The US Department of Education in 2011 issued a “Dear Colleagues” letter setting out policy referencing Program Integrity Regulations it had put in place for distance education.  These included requirements that colleges and universities receive authorization from states in which their students resided to assure that the students have recourse in their state of residency if they find the distance learning classes to be lacking in a substantive way.  This raised the prospect that UIS and all other universities serving students in other states would have to go through what in many cases was an involved and expensive process to gain authorization to serve out of state students in the other 49 states and US territories.  The situation resulted in the State Authorization Reciprocity Agreement (SARA) of which we are members as are colleges and universities in 48 of the 50 states (and several territories).  As part of the SARA agreement, the regional accreditors, including the Higher Learning Commission, collectively drew up a set of standards to be applied to online courses and programs to assure that quality was maintained.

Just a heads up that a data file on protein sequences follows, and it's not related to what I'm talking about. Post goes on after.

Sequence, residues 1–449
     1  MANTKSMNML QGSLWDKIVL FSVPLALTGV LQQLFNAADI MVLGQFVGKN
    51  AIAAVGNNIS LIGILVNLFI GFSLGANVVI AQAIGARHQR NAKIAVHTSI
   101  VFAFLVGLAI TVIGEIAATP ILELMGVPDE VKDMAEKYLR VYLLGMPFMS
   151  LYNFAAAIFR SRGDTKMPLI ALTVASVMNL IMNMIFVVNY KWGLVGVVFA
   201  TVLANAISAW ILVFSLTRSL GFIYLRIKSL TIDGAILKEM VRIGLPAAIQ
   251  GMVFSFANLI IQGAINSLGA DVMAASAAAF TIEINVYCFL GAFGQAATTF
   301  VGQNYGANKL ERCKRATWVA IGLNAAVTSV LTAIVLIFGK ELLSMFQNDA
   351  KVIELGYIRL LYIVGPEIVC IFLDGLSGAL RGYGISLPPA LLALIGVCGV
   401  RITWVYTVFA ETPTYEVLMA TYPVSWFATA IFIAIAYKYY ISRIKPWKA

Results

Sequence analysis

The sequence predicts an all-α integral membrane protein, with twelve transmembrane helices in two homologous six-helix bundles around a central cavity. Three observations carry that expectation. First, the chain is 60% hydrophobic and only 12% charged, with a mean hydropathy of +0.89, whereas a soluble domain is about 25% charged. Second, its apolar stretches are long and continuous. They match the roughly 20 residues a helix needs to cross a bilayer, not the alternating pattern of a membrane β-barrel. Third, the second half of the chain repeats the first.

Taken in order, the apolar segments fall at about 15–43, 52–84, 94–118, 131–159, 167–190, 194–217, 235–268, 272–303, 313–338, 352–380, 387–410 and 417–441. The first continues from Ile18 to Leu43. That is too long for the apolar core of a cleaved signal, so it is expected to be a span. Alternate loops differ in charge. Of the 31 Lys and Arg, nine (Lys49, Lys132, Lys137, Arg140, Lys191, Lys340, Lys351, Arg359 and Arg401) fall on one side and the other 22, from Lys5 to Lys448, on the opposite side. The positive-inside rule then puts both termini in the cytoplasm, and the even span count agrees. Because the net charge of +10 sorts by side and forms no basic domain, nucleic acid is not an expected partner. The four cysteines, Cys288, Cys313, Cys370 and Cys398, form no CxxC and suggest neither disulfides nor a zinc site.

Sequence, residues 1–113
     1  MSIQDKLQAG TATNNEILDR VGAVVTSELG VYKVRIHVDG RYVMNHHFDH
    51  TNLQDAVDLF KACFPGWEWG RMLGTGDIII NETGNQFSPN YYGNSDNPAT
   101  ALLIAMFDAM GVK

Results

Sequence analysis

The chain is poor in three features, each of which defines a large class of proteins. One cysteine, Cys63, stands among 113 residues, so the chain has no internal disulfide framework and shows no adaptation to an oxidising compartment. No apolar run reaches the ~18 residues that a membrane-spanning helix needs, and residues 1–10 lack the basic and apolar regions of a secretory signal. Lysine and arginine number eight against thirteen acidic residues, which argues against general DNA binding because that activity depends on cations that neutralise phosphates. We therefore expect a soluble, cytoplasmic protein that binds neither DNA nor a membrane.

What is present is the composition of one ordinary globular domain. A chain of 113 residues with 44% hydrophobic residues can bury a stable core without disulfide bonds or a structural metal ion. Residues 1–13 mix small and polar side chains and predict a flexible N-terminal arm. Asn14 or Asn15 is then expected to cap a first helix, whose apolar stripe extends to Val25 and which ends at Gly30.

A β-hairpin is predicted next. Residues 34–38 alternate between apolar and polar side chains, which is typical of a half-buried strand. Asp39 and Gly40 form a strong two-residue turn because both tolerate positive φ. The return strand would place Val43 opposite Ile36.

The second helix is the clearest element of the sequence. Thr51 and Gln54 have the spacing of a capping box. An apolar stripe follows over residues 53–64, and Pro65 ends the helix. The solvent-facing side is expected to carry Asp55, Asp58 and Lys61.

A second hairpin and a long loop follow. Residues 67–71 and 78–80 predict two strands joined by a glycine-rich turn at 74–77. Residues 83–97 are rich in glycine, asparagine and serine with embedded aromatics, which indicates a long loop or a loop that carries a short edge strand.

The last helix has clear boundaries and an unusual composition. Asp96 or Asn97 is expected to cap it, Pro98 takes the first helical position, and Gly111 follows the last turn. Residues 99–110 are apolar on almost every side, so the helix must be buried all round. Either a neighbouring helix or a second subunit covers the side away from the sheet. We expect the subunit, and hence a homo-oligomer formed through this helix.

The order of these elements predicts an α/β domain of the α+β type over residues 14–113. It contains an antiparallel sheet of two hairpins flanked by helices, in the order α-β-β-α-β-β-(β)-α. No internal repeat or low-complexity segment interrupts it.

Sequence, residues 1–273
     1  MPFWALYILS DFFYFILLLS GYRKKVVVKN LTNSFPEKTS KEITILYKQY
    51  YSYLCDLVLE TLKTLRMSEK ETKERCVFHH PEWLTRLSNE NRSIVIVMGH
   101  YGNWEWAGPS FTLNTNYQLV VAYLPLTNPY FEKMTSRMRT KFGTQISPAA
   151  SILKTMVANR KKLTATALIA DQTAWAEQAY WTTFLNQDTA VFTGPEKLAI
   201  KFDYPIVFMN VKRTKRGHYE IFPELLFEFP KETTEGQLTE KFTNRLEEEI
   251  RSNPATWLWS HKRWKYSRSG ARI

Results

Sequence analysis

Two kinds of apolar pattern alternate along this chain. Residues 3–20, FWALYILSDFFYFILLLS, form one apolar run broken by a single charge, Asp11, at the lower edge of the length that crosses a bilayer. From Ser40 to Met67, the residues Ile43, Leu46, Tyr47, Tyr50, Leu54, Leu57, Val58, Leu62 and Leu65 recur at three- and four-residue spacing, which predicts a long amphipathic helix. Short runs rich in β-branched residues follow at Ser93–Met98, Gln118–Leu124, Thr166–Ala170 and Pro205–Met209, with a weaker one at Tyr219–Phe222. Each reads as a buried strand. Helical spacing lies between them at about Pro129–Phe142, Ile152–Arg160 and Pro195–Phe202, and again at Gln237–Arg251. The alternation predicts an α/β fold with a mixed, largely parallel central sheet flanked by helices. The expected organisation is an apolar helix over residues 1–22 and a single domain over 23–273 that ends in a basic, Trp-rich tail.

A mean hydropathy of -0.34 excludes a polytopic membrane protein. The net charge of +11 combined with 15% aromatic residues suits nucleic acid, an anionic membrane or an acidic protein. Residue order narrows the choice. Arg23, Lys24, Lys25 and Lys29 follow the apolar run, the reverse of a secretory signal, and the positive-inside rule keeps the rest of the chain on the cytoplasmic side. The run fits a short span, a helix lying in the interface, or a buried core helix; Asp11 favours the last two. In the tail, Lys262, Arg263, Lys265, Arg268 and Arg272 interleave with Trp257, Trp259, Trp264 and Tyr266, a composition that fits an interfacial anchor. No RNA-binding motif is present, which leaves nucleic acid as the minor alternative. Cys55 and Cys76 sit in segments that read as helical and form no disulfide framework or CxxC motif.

These standards, the Interregional Guidelines for the Evaluation of Distance Education, are available online . They are not optional or advisory, rather they form the basis for review for accreditation and expansion of online programs.  The portion relevant to faculty training is section 6:

6.  Faculty responsible for delivering the online learning curricula and evaluating the students’ success in achieving the online learning goals are appropriately qualified and effectively supported.


  • Online learning faculties are carefully selected, appropriately trained, frequently evaluated, and are marked by an acceptable level of turnover;
  • The institution’s training program for online learning faculty is periodic, incorporates tested good practices in online learning pedagogy, and ensures competency with the range of software products used by the institution;
  • Faculty are proficient and effectively supported in using the course management system;